Angiotensin-(1-7) reduces alpha-synuclein aggregation by enhancing autophagic activity in Parkinson's disease

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Neural Regen Res. 2022 May;17(5):1138-1145. doi: 10.4103/1673-5374.324854.


Abnormal accumulation of α-synuclein contributes to the formation of Lewy bodies in the substantia nigra, which is considered the typical pathological hallmark of Parkinson’s disease. Recent research indicates that angiotensin-(1-7) plays a crucial role in several neurodegenerative disorders, including Parkinson’s disease, but the underlying mechanisms remain elusive. In this study, we used intraperitoneal administration of rotenone to male Sprague-Dawley rats for 4 weeks to establish a Parkinson’s disease model. We investigated whether angiotensin-(1-7) is neuroprotective in this model by continuous administration of angiotensin-(1-7) into the right substantia nigra for 4 weeks. We found that angiotensin-(1-7) infusion relieved characteristic parkinsonian behaviors and reduced α-synuclein aggregation in the substantia nigra. Primary dopaminergic neurons were extracted from newborn Sprague-Dawley rat substantia nigras and treated with rotenone, angiotensin-(1-7), and/or the Mas receptor blocker A-779 for 24 hours. After binding to the Mas receptor, angiotensin-(1-7) attenuated apoptosis and α-synuclein aggregation in rotenone-treated cells. Primary dopaminergic neurons were also treated with angiotensin-(1-7) and/or the autophagy inhibitor 3-methyladenine for 24 hours. Angiotensin-(1-7) increased α-synuclein removal and increased the autophagy of rotenone-treated cells. We conclude that angiotensin-(1-7) reduces α-synuclein aggregation by alleviating autophagy dysfunction in Parkinson’s disease. Therefore, the angiotensin-(1-7)/Mas receptor axis plays an important role in the pathogenesis of Parkinson’s disease and angiotensin-(1-7) has potential therapeutic value for Parkinson’s disease. All experiments were approved by the Biological Research Ethics Committee of Nanjing First Hospital (approval No. DWSY-2000932) in January 2020.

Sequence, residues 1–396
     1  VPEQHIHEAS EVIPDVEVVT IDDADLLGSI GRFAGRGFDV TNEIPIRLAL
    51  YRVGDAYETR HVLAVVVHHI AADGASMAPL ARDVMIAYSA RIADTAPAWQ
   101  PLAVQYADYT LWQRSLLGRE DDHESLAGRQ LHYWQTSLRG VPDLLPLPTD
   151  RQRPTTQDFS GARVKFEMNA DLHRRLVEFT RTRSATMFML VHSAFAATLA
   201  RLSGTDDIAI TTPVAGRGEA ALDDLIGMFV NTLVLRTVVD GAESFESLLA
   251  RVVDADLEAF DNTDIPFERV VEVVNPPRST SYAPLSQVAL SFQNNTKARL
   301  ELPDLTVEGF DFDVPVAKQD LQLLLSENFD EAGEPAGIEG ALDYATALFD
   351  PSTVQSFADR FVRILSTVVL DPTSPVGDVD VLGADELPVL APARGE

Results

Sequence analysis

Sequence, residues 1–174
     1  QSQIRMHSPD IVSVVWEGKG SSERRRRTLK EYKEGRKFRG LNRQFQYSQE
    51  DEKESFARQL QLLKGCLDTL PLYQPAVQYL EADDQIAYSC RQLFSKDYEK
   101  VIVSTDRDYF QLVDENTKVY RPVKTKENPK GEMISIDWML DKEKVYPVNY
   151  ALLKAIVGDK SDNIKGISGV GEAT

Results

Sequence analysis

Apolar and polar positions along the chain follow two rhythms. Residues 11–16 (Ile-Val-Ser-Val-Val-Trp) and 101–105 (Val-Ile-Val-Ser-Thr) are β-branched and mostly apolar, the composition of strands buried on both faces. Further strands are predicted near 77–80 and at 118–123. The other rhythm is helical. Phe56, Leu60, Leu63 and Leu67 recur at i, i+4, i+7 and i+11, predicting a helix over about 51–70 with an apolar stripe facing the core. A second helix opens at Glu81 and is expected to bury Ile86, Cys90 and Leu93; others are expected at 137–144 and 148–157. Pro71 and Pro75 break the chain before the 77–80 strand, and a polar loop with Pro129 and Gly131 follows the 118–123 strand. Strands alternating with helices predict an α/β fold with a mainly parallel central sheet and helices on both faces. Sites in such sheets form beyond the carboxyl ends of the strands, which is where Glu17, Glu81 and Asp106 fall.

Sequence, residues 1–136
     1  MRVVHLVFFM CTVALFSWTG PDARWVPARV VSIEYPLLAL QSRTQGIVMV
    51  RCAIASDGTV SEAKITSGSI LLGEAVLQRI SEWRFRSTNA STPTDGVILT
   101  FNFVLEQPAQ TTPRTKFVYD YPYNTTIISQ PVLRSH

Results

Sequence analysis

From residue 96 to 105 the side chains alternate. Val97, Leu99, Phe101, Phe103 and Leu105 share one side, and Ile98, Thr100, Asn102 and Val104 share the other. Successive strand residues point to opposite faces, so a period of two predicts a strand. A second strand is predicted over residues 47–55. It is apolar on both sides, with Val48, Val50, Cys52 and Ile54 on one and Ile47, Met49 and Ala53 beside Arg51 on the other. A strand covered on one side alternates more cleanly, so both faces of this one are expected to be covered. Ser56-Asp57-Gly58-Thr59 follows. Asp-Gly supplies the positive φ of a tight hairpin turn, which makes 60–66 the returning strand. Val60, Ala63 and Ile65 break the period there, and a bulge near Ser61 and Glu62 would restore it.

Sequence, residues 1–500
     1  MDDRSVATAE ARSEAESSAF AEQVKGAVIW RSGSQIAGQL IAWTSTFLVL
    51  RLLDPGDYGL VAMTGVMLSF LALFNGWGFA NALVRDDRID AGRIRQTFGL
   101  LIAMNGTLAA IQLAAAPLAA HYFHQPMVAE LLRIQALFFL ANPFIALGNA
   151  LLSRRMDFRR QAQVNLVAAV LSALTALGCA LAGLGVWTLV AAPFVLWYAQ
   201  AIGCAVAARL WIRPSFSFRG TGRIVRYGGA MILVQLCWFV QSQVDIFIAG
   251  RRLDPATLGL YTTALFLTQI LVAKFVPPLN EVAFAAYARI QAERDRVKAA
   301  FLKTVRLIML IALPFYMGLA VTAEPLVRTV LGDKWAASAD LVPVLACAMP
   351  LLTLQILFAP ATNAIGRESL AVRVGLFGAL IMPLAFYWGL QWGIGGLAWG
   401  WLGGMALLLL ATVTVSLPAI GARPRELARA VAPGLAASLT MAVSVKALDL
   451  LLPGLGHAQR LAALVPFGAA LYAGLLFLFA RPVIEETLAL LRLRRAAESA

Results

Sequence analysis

PMID:34558543 | DOI:10.4103/1673-5374.324854